Sailing vessels used two channels when navigating this part of Green Bay. The first was the western passage on the far side of Chambers Island. The second lies before you: the treacherous passage between the shore and the Strawberry Islands.
. . . — — Map (db m75285) HM
Welcome to Peninsula State Park, a diverse and dramatic place. Two features dominate this landscape: rock and water.
At Peninsula, rocky bluffs ascend over 150 feet. They are part of the Niagara Escarpment, a 650-mile geologic formation. This . . . — — Map (db m79261) HM
It was here that Major Richard I. Bong was born, received his education, and grew to manhood. After attending Superior State College where he received his first pilot training, he joined the U.S. Army Air Corps on May 29, 1941. Assigned to the New . . . — — Map (db m72259) HM
This Lockheed P-38 Lightning fighter, through the efforts of General George C. Kenney, was donated by the United States Air Force in memory of Major Richard I. Bong. Major Bong a native of Poplar, was credited with destroying 40 Japanese aircraft in . . . — — Map (db m43433) HM
Here and northeast of here lies the vast Chippewa Valley. At the start of lumbering in Wisconsin it held one-sixth of the nation’s white pine. Surveyors estimated the total pine stand in the state at 136 billion board feet of prime lumber. Lumbermen . . . — — Map (db m2059) HM
The Carson Park Baseball Stadium is a Works Progress Administration (WPA) project constructed in 1936-37. The stadium was built at a cost of $60,000. The sandstone used for the stadium was quarried at . . . — — Map (db m45571) HM
"I had no idea there was so much business done here. In just one mill where Charley is at work, they saw one hundred thousand feet a day. It keeps Charley pretty busy. He don't get any time to rest except Sunday."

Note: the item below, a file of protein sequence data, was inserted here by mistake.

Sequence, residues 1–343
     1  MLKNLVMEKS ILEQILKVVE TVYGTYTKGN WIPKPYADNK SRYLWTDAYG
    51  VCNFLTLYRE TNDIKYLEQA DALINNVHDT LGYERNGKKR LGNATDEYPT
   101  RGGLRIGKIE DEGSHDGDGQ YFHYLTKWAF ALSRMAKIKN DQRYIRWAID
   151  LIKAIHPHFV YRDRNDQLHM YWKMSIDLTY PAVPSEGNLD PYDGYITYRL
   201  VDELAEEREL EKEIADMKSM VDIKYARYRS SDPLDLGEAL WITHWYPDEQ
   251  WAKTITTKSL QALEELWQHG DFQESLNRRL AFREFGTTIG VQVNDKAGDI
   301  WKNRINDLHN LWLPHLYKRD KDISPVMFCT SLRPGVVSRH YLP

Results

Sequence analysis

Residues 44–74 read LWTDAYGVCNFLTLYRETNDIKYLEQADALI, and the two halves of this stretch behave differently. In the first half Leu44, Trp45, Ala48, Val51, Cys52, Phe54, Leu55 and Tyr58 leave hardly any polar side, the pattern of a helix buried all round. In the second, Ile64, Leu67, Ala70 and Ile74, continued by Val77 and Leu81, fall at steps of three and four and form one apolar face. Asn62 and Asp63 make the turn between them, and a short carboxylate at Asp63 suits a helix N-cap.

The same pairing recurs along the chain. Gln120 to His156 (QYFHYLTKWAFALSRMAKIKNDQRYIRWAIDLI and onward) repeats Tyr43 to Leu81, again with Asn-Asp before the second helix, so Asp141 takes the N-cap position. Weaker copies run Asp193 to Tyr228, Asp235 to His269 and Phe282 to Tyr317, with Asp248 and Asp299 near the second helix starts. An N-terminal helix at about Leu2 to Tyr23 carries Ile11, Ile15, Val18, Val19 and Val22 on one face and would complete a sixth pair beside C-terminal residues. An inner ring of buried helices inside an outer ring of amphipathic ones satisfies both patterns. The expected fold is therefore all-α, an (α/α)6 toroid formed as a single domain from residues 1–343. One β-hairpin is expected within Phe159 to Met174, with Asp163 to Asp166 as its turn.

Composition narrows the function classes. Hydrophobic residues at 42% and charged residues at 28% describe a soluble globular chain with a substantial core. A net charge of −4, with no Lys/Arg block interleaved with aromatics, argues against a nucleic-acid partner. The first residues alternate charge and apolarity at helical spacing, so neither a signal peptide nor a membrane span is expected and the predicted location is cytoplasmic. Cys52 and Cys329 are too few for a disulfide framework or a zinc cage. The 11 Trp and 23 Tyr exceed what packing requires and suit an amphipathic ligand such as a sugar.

From the letters . . . — — Map (db m76025) HM
Otto and Lina Demmler built this in 1887. Otto, a German immigrant started a floral business in 1885 with his brother Edmund and built six greenhouses for the business, which were located south of the house. Otto died in 1927 . . . — — Map (db m76106) HM
Its doors are open to every sufferer, with no shadow of restriction as to the color of their skin or of their money, or the shade of their religious belief."
Dr. Hans Christian Midelfart
. . . — — Map (db m75336) HM
In the spring of 1861, an eaglet was found in a tree on the Flambeau River by Sky Chief, a Flambeau Indian who later sold him to Mrs. Dan McCann of Jim Falls for a sack of corn. In August, 1861, Dan McCann tried to sell the bird to a Civil War . . . — — Map (db m43484) HM
Built in 1918, this house is the most significant example of Georgian Revival architecture in Eau Claire. Orlando Brice was the treasurer and manager of the Wisconsin Refrigerator Company.
Designated District February . . . — — Map (db m75728) HM
John S. and Mary Owen's gift of land for a city park in 1913-14 came as Eau Claire's reputation as a "sawdust city" was already fading into memory. The Owen's came to Wisconsin in 1873 seeking opportunities in lumbering. John was hired as a . . . — — Map (db m74531) HM
Built in 1915-1916, this residence combines elements of Prairie School and Georgian Revival architecture. Roy Wilcox practiced law in Eau Claire from 1897-1946. He was elected state senator in 1917.
Designated District . . . — — Map (db m75674) HM
As a frontier town, Eau Claire relied on the river to transport people and products. The Water Street Business District grew up convenient to the steamboat landing, where twice weekly the "Jennie Whipple" unloaded passengers opposite the . . . — — Map (db m74588) HM
Dedicated to all veterans
who have served our country
past – present – future.
We shall not forget.
Honoring those who
answered their countries
call in World War II.
These gave their . . . — — Map (db m61245) HM
In 1852 Alvan Earle Bovay of Ripon met with Horace Greeley in New York and advocated dissolution of the Whig Party and formation of a new party to fuse together anti-slavery elements. At the same time he suggested the name "Republican" because he . . . — — Map (db m3225) HM
Incorporated January 29, 1851. The first College building, East Hall, was staked out that spring by Ripon city founders David Mapes and Alvan Bovay. Chartered as Brockway College, it was renamed Ripon College in 1864 and graduated its first class, . . . — — Map (db m3596) HM